VFW Names Elk Bladesmith As #StillServingHero
Veterans of Foreign Wars, the VFW, is honoring a northeast Washington man for his community service after his active duty ended.
Ben Hayhurst’s contribution is related to helping first responders who struggle with mental health issues.Hayhurst from Elk, Washington has come a long way since 2004, when he returned from the Iraq War with physical and mental injuries. He’s now considered disabled. While working through those injuries, he took up knife making as a therapeutic activity.
We’ve told his story and so has KSPS Public Television.
“Part of the fun is taking a piece of steel and pushing it where you want it to go and making it into what you want," Hayhurst said in the television program.
“Not long ago, a friend and Marine veteran, along with a small group of New York City firefighters challenged Ben with a new mission, an idea based on an oath called ‘The Spartan Pledge’ and a sword made from World Trade Center steel, created to bring attention to the epidemic of military veterans taking their own lives,” said the program's narrator.
Instead of a sword, Hayhurst made a small ax. It was made as a symbol for first responders who, at special ceremonies, would also recite “The Spartan Pledge.” “I will not take my own life by my own hand until I talk to my battle buddy first. My mission is to find a mission to help my warfighter family.”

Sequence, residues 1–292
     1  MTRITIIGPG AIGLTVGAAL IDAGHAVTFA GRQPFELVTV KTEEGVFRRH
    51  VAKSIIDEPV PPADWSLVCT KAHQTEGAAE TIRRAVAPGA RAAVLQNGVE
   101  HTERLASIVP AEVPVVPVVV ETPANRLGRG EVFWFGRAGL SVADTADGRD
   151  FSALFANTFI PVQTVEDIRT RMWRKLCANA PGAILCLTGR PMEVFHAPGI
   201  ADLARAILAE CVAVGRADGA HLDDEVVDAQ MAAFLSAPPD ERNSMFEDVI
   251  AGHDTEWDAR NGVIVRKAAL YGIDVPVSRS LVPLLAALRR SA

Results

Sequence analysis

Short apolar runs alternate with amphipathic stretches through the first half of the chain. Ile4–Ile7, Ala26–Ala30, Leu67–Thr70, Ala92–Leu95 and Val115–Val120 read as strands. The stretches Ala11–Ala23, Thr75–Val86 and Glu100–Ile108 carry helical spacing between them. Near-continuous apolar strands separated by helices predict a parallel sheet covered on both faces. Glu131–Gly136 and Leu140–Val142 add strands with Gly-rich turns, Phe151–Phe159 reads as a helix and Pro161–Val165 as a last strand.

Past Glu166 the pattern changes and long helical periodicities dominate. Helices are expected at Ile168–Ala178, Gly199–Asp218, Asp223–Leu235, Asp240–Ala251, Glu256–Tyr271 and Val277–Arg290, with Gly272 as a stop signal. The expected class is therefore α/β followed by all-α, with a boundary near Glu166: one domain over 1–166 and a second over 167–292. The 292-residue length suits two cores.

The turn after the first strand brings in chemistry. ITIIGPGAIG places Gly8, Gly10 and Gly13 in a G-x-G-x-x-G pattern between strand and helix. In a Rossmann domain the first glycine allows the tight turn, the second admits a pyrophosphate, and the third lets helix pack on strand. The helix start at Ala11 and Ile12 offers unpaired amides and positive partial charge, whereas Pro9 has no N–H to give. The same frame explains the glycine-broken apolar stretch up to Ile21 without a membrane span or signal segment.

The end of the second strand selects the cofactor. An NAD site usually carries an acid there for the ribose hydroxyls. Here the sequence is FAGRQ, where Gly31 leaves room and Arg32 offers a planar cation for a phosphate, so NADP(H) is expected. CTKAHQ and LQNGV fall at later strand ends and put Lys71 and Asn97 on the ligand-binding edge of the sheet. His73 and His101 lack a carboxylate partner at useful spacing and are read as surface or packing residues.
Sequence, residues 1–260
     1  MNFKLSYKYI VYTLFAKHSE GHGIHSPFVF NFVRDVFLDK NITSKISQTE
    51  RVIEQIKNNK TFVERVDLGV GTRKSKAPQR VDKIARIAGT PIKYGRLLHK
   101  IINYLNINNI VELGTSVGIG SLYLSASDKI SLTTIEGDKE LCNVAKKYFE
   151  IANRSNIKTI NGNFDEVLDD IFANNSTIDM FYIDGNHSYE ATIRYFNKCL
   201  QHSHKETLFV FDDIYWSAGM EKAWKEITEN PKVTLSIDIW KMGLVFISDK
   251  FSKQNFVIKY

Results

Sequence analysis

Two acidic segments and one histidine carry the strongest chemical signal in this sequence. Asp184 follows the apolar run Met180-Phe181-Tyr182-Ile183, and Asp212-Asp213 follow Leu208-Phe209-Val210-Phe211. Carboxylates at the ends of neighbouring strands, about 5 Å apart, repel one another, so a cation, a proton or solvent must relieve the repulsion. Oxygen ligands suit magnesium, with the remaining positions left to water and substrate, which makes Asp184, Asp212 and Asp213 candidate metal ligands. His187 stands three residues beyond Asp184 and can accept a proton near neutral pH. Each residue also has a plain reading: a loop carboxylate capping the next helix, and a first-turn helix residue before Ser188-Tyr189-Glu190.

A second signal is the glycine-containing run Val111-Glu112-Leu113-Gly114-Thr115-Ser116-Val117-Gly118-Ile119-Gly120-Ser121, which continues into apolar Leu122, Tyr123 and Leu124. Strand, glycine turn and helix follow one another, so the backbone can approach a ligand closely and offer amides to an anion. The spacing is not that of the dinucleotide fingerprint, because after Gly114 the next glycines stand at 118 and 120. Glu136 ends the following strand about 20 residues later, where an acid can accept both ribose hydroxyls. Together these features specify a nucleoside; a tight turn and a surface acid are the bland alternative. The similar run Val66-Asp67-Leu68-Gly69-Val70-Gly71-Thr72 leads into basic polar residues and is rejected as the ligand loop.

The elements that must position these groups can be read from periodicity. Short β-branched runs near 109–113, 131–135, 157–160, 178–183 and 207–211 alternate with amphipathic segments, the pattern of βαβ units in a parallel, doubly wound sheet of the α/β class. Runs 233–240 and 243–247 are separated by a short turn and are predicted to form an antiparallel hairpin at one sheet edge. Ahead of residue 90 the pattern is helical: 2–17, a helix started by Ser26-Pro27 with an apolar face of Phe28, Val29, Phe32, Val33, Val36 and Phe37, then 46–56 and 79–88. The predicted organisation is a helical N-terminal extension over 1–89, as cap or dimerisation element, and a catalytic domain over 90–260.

Hayhurst’s ax is now with firefighters in New York and available to travel around the country. That’s why the VFW is recognizing him as a Still Serving Hero.
“I think it’s awesome, especially because of the project that it was involved in, which was making a fire axe out of steel from the World Trade Center and from an axe used on Ground Zero to help push the cause of helping with first responders’ mental health. I take a lot of pride in that and I think it’s really cool," Hayhurst said.
This attention, he says, is nice, but the best part is it fills an internal hole and brings his life meaning.
“There’s an intense satisfaction in serving and helping other people. A lot of people struggle when they get out of the military because they lose that feeling, so for me it feels great just to get that feeling back and to be involved in cool projects and stuff," he said.
Eventually, post-Covid, Hayhurst hopes to be able to travel with the ax and talk with people who share that sense of service. For now, he’ll continue making knives, giving some away and selling others.